CAMPFIRE Project in Mbazhe Community, Nkayi District, Zimbabwe: A Conflict of Interests
Keywords:Campfire, Communities, community resource, environment, development, projects.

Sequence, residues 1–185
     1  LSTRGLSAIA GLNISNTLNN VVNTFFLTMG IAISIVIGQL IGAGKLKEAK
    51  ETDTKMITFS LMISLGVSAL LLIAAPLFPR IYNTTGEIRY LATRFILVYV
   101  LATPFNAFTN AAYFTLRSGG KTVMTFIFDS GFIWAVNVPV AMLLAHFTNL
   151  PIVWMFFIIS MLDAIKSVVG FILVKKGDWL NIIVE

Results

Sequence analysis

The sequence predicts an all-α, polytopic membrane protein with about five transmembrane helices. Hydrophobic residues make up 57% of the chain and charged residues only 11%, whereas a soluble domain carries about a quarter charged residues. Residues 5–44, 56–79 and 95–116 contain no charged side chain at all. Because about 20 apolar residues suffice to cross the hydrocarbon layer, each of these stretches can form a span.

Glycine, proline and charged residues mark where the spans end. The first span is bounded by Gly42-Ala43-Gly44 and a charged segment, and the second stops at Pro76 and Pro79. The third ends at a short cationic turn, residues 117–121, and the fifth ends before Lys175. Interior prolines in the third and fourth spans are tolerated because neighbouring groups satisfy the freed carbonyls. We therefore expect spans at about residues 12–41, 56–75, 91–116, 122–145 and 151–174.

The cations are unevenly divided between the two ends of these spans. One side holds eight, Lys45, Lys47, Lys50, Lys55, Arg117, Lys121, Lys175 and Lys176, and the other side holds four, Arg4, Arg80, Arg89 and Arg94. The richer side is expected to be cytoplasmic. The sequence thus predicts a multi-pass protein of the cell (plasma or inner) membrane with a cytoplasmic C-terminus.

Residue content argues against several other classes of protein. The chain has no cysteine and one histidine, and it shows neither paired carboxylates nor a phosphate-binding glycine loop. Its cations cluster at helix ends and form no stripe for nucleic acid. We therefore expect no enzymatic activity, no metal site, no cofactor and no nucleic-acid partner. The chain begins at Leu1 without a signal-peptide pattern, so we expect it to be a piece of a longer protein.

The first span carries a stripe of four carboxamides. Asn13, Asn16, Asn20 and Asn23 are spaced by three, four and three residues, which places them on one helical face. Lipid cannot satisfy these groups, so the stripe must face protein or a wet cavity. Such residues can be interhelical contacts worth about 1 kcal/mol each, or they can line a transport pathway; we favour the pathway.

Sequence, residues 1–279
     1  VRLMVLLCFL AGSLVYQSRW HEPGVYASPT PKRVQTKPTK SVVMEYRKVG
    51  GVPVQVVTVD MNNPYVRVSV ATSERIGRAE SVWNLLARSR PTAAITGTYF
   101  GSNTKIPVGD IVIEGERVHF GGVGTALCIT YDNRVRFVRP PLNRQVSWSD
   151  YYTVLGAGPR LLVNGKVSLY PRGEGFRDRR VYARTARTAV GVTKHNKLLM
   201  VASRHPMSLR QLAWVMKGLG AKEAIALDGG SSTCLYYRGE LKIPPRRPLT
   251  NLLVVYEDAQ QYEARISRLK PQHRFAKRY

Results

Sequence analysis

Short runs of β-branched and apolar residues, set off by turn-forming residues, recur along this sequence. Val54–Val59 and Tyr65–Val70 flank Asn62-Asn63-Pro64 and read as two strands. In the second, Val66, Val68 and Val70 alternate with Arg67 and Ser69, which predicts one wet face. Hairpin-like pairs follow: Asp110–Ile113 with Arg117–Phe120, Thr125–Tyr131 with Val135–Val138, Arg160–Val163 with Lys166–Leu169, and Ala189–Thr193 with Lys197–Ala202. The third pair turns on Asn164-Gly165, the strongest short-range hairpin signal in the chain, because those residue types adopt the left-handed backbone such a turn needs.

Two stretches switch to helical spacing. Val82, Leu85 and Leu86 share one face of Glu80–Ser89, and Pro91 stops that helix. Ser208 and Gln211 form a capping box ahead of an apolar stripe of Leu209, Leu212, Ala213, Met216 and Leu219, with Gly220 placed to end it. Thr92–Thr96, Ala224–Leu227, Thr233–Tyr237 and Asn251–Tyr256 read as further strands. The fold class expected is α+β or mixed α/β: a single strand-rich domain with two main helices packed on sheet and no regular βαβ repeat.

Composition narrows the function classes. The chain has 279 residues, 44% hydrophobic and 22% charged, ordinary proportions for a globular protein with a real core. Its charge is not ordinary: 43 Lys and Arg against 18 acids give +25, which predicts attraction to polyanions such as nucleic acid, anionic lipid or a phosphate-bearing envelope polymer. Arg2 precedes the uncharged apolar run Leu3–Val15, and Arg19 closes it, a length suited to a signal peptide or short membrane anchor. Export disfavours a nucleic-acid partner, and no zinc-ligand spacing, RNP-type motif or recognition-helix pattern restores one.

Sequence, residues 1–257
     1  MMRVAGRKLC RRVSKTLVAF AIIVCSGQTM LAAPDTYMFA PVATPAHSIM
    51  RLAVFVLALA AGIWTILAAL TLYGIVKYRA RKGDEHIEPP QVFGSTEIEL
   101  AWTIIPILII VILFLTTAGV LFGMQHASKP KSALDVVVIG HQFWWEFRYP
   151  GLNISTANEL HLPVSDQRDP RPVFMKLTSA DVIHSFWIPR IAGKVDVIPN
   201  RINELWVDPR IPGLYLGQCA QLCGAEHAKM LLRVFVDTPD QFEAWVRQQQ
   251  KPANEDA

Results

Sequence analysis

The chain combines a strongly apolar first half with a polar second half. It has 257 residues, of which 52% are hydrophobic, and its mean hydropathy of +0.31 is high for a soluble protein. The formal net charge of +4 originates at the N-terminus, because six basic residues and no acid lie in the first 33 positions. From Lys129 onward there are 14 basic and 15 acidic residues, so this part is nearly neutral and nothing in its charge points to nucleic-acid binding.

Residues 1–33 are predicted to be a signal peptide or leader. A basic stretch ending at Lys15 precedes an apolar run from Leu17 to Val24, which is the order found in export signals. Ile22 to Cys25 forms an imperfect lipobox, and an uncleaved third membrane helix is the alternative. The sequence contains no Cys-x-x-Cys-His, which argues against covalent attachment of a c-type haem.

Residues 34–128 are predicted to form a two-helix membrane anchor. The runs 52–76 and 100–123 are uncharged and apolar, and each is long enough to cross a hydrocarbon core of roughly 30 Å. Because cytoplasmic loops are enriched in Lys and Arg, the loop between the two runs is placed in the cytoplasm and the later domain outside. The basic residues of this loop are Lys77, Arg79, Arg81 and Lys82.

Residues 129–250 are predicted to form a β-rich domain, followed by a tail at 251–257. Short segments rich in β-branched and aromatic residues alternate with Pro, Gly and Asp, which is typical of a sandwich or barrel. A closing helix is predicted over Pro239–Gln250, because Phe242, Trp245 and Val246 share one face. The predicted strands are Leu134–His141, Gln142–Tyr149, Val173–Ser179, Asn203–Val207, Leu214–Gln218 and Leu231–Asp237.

The introduction of CAMPFIRE projects by the Zimbabwean government in the 1980s-1990s was received with mixed feelings especially in Matabeleland provinces as many people were displaced in preference for wildlife. The government viewed CAMPFIRE projects as an antidote to the colonial legacy of technocratic and authoritarian development which undermined people’s control over their environment and criminalised their use of game. This paper seeks to explore why such a potentially positive project was met with mixed feelings by the Mbazhe community in Nkayi District. The deeper conflict between the Mbazhe community and the government in the implementation of the Mbazhe CAMPFIRE project needs careful examination and analysis. The study adopted a qualitative approach as a suitable method of understanding the problem, and complex processes that involved multiple participants in the implementation of this project. Consistent with Lewis Anthony Dexter’s elite interviewing and key informants’ techniques, the study conducted interviews with the 20 villagers and 10 CAMPFIRE project committee members (Dexter 1970). The study concluded that the historical government forces formed the attitudes towards the implementation of the project, by side-lining of local views. The study also revealed that the CAMPFIRE project in the Mbazhe community was further shaped by the legacies of the colonial rule, which was done purely following the authoritarian rule of the white settlers. Consequently, these factors shaped deep suspicion of the CAMPFIRE project and resulted in serious conflicts between the implementers and the affected communities. The study recommended that CAMPFIRE project implementers were/or should consider the inputs of the local people when implementing such projects in their local areas. Also, devolution of power should be promoted among all districts of Zimbabwe so that all districts can benefit from their local resources. Finally, the study recommended that the government should adopt people centred approaches when dealing with people at grassroot level.
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